Like a bracelet or scarf, many consider sunglasses a fashion statement and switch from cats’ eyes to aviators to Jackie O styles based on their outfit or mood; before doing that, however, make sure they protect against dangerous ultraviolet (UV) sunlight.

Dr. Alan Solinsky of the Hartford Hospital Eye Surgery Center said while cheap sunglasses may be tempting, they can actually allow the sun to damage your eyes more than wearing none at all.

“A bad pair of sunglasses just darken things, allowing your pupils to get bigger and let in more light. If they don’t provide UV protection, you’re actually going to be worse off,” he explained, noting that repeated exposure to UV rays can cause cataracts and macular degeneration in the eyes.

In addition to sunlight — which causes a cumulative effect on eyes starting in childhood, much like it does to skin — there are several dangers posed to the eyes during the summer and people are exposed more to them than in colder months.

July is Ultraviolet Safety Month, encouraging people to be more aware of the dangers of UV rays, including to the eyes. These rays are the strongest in the middle of the day, between 10 a.m. and 4 p.m.

“The sun is more intense in summer, we are outdoors more and we’re more playful — out on water and on the beach,” Dr. Solinsky said.

He suggested protecting your eyes by:

  • Wearing sunglasses with UV protection. Look for a sticker, label or government rating on the sunglasses noting they protect against the dangerous rays.
  • Wearing a baseball cap or sun hat to keep the sun out of your eyes.
  • Pulling on goggles when swimming in a pool to prevent chlorine from getting in your eyes.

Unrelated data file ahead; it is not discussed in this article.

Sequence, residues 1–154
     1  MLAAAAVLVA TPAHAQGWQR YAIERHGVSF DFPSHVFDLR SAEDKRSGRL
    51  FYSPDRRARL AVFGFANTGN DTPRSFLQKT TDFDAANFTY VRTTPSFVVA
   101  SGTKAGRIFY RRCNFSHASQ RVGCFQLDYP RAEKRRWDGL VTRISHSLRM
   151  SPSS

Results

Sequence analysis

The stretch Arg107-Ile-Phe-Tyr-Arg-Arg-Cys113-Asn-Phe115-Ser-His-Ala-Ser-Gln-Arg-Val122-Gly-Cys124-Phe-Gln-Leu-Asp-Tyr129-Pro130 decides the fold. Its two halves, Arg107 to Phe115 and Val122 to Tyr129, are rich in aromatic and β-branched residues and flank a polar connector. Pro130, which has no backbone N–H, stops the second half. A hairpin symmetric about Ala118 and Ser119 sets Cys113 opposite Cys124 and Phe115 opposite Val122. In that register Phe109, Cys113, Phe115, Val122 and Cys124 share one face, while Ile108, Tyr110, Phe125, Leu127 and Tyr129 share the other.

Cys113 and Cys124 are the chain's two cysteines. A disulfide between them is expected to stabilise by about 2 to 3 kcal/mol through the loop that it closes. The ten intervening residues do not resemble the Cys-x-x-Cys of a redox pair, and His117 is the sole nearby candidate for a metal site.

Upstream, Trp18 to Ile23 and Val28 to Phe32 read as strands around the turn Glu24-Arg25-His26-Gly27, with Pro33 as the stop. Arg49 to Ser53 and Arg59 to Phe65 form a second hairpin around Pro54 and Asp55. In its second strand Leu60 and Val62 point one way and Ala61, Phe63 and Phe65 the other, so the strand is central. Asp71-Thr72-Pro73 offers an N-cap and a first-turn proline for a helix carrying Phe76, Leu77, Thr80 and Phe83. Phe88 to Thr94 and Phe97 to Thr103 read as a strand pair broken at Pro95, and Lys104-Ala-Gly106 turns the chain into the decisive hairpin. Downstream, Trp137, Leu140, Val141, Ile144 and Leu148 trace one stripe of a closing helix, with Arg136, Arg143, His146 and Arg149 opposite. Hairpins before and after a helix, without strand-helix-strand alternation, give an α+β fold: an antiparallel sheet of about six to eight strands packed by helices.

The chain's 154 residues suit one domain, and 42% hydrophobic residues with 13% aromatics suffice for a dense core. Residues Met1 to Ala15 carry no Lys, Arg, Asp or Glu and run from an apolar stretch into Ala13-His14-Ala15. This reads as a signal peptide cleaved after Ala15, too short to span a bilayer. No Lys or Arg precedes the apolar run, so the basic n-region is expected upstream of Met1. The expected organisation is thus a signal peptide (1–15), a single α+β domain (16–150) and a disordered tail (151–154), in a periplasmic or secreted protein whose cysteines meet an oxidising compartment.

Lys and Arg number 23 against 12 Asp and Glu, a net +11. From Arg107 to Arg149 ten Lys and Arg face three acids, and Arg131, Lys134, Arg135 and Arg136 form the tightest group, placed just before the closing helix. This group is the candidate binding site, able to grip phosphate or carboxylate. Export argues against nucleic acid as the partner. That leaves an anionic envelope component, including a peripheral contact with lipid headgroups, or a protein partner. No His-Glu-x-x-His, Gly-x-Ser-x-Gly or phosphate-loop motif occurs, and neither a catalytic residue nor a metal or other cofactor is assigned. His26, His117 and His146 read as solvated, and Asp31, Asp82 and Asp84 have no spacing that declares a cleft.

• Putting on safety goggles when doing yard work to prevent flying twigs or rocks from damaging your eyes.
  • Trying sports goggles when playing summer sports like tennis or mountain biking.

“I’ve treated dozens of hard-core tennis players who get traumatic eye injuries playing the net in a doubles game,” Dr. Solinsky said. “When mountain biking, too, a branch can hit you in the eye and you’ll wind up in the emergency department.

“Sports are a big reason for eye injuries, and people are out playing them more in the summer.”

Cataracts, he continued, can also be caused by taking steroids for medical reasons, diseases like diabetes and smoking. Signs you might need to be examined for cataracts include:

  • Cloudy vision.
  • Trouble seeing distance, such as road signs, when driving.
  • Seeing glare or halos around lights when driving at night or into a sunrise or sunset.

“Cataracts cause painless decreases in vision,” he said.

The only answer for them is surgery to remove the cataract and implant a new lens. This might also decrease the need for glasses, Dr. Solinsky said.

For more information on eye safety or surgery, go to